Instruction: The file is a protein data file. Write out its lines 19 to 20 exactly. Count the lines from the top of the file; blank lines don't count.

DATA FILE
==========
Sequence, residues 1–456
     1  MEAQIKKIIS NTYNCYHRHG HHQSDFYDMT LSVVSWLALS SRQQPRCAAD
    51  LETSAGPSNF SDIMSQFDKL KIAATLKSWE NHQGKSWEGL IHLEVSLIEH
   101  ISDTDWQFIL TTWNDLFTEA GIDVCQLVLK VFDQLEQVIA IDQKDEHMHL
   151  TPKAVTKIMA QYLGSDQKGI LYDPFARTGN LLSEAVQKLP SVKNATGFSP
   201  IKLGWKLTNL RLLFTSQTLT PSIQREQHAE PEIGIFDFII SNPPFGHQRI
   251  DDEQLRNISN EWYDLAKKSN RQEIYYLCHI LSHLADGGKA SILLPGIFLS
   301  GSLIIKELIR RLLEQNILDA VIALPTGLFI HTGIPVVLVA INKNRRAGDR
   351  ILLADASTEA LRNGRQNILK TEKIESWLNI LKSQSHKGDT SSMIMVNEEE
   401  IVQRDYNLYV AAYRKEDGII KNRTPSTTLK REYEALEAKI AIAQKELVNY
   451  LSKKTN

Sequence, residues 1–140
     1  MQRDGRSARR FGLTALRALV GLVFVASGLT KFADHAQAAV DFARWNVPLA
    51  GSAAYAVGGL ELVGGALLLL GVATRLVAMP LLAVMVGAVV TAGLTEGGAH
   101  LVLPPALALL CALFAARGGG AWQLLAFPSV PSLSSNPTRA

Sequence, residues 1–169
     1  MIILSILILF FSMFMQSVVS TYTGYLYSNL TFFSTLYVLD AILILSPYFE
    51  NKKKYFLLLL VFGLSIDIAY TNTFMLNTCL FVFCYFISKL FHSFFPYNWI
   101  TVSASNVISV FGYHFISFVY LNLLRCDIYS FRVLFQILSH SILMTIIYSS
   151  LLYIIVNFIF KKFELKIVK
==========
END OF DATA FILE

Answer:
   101  TVSASNVISV FGYHFISFVY LNLLRCDIYS FRVLFQILSH SILMTIIYSS
   151  LLYIIVNFIF KKFELKIVK